Saturday, April 12, 2008
The Columbus School of Law of The Catholic University of America invites applications for the position of Director of Academic Support. The new Director will begin in August 2008.
The goal of the Academic Excellence Program is to enhance the academic success of all CUA law students while providing specialized and targeted assistance to those students experiencing the most academic difficulty. The Director of the Academic Excellence Program will coordinate a teaching and learning support program with particular emphasis on 1) providing individualized assistance and programming for students who are underperforming in law school; 2) training and assisting tutors/teaching assistants working with students in first year and upper division courses; 3) collaborating with the staff of the Academic Affairs Office in developing programs or courses geared to assist with bar preparation; and 4) working with faculty to assist them in teaching different types of learners. The Director will collaborate with other law school personnel concerned with student academic and bar success including doctrinal law faculty, legal writing faculty, clinical faculty, student services professionals and academic administrators.
Required qualifications: (1) J.D. from an ABA accredited law school; (2) admission to a state bar; (3) at least two years of experience in the academic support field; (4) two years legal work experience in private practice, non-profit organizations, government, or judicial clerkships strongly preferred (5) teaching experience strongly preferred (6) familiarity with literature and methods used in academic support programs; (7) demonstrated legal writing ability.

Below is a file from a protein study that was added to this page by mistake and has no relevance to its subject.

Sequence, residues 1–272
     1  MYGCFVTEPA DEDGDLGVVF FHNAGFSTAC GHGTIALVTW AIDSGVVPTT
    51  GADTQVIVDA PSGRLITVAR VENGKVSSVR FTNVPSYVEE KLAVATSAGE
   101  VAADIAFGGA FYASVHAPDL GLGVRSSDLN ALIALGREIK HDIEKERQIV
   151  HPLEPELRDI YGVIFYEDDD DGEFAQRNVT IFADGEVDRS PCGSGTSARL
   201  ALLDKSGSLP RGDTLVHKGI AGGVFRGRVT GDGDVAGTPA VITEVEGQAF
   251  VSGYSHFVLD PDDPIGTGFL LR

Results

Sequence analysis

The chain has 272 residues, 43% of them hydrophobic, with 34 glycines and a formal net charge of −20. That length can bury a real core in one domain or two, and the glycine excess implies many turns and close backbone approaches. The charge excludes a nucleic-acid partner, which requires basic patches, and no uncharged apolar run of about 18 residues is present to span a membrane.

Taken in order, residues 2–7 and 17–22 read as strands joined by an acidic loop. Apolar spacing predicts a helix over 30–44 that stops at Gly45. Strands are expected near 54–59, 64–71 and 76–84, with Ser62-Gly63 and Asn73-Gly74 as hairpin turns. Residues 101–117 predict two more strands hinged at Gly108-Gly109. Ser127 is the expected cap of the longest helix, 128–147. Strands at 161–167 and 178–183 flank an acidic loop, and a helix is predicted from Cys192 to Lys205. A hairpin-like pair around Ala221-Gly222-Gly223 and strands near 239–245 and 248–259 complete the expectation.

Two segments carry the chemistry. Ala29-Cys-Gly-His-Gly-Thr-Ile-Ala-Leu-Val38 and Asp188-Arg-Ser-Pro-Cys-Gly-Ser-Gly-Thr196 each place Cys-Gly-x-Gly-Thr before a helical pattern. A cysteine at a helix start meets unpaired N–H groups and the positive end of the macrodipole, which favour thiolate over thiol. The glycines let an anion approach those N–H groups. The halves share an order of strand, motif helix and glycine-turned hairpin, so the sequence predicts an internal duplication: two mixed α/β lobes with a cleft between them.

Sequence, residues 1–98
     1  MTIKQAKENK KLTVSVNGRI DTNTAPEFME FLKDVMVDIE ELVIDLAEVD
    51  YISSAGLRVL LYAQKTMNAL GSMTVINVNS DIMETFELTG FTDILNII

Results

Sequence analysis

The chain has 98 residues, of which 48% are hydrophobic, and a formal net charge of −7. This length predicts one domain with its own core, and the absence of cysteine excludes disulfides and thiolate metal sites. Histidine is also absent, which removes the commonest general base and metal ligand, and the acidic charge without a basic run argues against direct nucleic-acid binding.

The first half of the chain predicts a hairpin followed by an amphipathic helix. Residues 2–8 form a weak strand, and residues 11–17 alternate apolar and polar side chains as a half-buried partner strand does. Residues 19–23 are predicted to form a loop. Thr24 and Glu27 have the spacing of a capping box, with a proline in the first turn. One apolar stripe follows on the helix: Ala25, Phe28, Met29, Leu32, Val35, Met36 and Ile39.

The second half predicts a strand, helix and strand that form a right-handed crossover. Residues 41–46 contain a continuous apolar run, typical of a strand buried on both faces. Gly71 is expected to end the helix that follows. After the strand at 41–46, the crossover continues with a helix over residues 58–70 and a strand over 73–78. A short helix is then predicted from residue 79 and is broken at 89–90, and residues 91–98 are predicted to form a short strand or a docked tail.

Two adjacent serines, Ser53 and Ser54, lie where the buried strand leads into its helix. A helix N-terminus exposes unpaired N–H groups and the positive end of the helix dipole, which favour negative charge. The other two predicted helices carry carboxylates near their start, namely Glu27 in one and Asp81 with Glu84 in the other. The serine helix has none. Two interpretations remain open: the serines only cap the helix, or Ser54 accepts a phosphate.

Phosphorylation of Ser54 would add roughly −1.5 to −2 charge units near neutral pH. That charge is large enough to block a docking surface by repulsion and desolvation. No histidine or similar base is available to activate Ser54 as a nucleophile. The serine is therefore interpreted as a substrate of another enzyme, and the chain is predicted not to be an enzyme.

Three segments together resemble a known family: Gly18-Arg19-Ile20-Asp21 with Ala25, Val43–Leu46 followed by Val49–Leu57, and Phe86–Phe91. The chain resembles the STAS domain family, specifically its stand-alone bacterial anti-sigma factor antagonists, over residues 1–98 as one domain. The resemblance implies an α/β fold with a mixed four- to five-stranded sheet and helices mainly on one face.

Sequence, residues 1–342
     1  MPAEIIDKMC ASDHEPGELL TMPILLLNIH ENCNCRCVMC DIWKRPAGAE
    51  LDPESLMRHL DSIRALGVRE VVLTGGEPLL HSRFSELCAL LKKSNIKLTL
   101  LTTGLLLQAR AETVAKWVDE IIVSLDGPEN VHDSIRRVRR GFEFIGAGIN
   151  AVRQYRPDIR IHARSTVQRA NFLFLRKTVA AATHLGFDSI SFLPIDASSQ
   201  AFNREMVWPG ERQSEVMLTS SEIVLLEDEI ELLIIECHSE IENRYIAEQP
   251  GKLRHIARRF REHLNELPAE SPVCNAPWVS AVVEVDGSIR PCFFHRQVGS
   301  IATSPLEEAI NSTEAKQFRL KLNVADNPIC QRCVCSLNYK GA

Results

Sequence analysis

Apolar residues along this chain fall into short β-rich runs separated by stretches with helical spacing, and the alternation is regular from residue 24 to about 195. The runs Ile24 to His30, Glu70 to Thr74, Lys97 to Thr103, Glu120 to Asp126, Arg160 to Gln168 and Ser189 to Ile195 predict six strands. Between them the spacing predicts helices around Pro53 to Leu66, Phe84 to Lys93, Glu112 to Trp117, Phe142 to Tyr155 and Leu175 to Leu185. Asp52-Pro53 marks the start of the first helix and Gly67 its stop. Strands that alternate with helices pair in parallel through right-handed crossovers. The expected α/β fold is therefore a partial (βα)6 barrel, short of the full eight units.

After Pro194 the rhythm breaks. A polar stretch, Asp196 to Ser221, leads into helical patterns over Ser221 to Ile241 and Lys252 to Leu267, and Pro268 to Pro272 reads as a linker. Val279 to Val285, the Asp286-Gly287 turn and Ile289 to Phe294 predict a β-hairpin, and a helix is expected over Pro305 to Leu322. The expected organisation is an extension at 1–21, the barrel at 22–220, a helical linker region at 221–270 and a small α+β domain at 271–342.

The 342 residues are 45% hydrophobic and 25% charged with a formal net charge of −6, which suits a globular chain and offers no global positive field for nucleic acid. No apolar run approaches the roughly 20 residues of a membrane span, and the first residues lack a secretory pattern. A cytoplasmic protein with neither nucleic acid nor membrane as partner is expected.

To apply: Interested applicants should send a letter of application, resume, and the names and phone numbers of three references to Stacy Brustin, Associate Dean for Academic Affairs, Columbus School of Law, The Catholic University of America, Washington, D.C. 20064.
The Catholic University of America is an equal opportunity employer.
Tuesday, April 8, 2008
Yesterday was "Admitted Students Day" at Vermont. I manned the ASP table (so to speak) for several hours and had the opportunity to meet many wonderful (potential) new additions to the VLS community. One of the wonderful and frustrating parts of manning the table was fielding fantastic questions about what admitted students should do to prepare for the fall. By their parents.
It was wonderful to see the excitement and enthusiasm of so many future law students; I want to yell "Bottle it now! You will need all this enthusiasm this time next year!" The world is theirs at the moment, and they should enjoy every minute of it.
But I wanted to say something similar to the parents, "Bottle it now! Save all this support for this time next year! They will need it much more then!" I see far too many students in my office this time of year after they have had battles with their parents over grades, learning disabilities, and time with family. Too many parents insist nothing could be wrong with Bobby or Suzy, and this learning disability stuff is just nonsense-- they just need to study harder. So many of these bright, wonderful students have succeeded in life by masking and/or compensating for learning disabilities that come to the fore during the first year of law school. Similarly, parents who insist Bobby or Suzy must attend cousin Betty's bridal shower in Milwaukee become angry when Bobby or Suzy need to stay back in Vermont to prepare for exams. These bright, wonderful students may have succeeded to this point in their life with little studying or prepping for exams, but it's not the same anymore. All the enthusiasm and excitement about law school is needed when their children are in the trenches, before final exams, when care packages and understanding are most important.
Parents and loved ones are such a critical part of the success of any law student. I am thrilled to see parents celebrating their children's success by getting into law school, but we need more of that throughout the law school experience--not just at the beginning and the end.
Monday, April 7, 2008
Arturo Torres, Associate Dean of Law Library and Computing, at Texas Tech School of Law and Bryan J. Guymon, a second-year student at Texas Tech School of Law, have compiled a twenty-page annotated bibliography of articles from 1998 to 2007 that deal with the bar exam and admission to the bar. The article appears in the February 2008 issue of The Bar Examiner (Volume 77, Number 1).
Any ASP professionals who deal with bar exam issues will find this article valuable to their work. (Amy Jarmon)